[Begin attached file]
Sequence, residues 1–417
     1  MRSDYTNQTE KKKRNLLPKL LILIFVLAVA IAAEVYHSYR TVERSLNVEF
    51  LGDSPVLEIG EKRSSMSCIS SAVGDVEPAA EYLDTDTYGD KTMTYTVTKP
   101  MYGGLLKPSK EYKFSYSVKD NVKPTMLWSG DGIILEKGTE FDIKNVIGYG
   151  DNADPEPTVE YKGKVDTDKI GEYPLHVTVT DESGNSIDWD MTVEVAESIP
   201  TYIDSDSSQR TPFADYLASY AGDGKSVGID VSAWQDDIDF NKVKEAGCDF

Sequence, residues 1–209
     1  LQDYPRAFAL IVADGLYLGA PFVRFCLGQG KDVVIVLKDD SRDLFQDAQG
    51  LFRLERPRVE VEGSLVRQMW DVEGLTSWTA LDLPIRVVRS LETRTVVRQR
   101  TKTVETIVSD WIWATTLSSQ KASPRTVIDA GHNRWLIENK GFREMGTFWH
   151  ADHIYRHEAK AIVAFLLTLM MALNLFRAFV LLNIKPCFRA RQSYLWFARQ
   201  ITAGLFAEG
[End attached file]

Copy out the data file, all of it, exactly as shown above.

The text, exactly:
Sequence, residues 1–417
     1  MRSDYTNQTE KKKRNLLPKL LILIFVLAVA IAAEVYHSYR TVERSLNVEF
    51  LGDSPVLEIG EKRSSMSCIS SAVGDVEPAA EYLDTDTYGD KTMTYTVTKP
   101  MYGGLLKPSK EYKFSYSVKD NVKPTMLWSG DGIILEKGTE FDIKNVIGYG
   151  DNADPEPTVE YKGKVDTDKI GEYPLHVTVT DESGNSIDWD MTVEVAESIP
   201  TYIDSDSSQR TPFADYLASY AGDGKSVGID VSAWQDDIDF NKVKEAGCDF

Sequence, residues 1–209
     1  LQDYPRAFAL IVADGLYLGA PFVRFCLGQG KDVVIVLKDD SRDLFQDAQG
    51  LFRLERPRVE VEGSLVRQMW DVEGLTSWTA LDLPIRVVRS LETRTVVRQR
   101  TKTVETIVSD WIWATTLSSQ KASPRTVIDA GHNRWLIENK GFREMGTFWH
   151  ADHIYRHEAK AIVAFLLTLM MALNLFRAFV LLNIKPCFRA RQSYLWFARQ
   201  ITAGLFAEG